You also get to stand at the top of the “harry potter” staircase and stare down at the ordinary visitors staring up.

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4 comments on “Take a tour of St Paul Cathedral’s hidden Triforum
  1. James Alexander Cameron says:

    Triforim is the name for the second storey of an interior elevation in Gothic architecture. Really this is a tribune gallery, as you can walk behind it – technically a triforium has just a lean-to roofspace behind it. It’s very unusual to use the term in classical architecture.

    This is called a triforium no doubt with comparison to the similar space at the Gothic Westminster Abbey, which is also currently being fitted out for general tourist visits.

  2. Wole says:

    It’s 18 quid to get into the cathedral, and another 8 quid on top of that to access the triforium. I’m glad I visited St Pauls when I was a kid and it was free!

    (PS, it’s 20 quid to get into Westminster Abbey, and even St Barts church charges a fiver!)

  3. Christopher George. says:

    Why the prohibition on photography? I’m getting very tired of being told not to take pictures even with the flash turned off. I have made up my mind NOT to visit establishments that refuse reasonable requests to photograph.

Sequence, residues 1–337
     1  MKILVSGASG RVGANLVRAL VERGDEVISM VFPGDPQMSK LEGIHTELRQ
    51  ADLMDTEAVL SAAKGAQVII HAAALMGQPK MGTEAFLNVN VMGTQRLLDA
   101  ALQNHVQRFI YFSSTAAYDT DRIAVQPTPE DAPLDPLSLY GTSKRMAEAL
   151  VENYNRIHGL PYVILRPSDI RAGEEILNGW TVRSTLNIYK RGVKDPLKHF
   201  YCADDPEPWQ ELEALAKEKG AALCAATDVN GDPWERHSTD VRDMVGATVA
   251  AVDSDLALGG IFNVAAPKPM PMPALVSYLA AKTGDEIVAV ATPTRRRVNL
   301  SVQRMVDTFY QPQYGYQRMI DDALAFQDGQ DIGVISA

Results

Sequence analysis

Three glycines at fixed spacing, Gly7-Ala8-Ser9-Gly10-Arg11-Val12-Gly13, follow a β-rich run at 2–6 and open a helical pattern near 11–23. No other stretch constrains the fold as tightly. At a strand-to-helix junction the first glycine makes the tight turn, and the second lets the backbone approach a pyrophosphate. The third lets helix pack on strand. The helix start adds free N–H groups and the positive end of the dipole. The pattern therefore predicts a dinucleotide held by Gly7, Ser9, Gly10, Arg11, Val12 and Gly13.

• Mike Manners says:

      1. What should be remembered, is takes millions of pounds a year to maintain St Paul’s and keep it open.

      2. Although St Paul’s isn’t a museum, it houses many ancient artefacts – and, the building has to be safe for visitors to enter.

      3.Visitors respect that St Paul’s Cathedral is firstly a place of worship. The cathedral building is also a national treasure but has no funding from the state to help keep the building open.

      As a place of worship, it is of course a house of God where many come to pray and the reason that it was built.

      Those that refuse to visit because of entrance fees have that choice, of course. Just as one can choose a pub or a mode of transport or holiday destination.

      I am happy therefore to contribute by visiting and paying the entrance fee – in the knowledge that, so-doing in a very small way, I am helping to keep this wonderful building open, for future generations.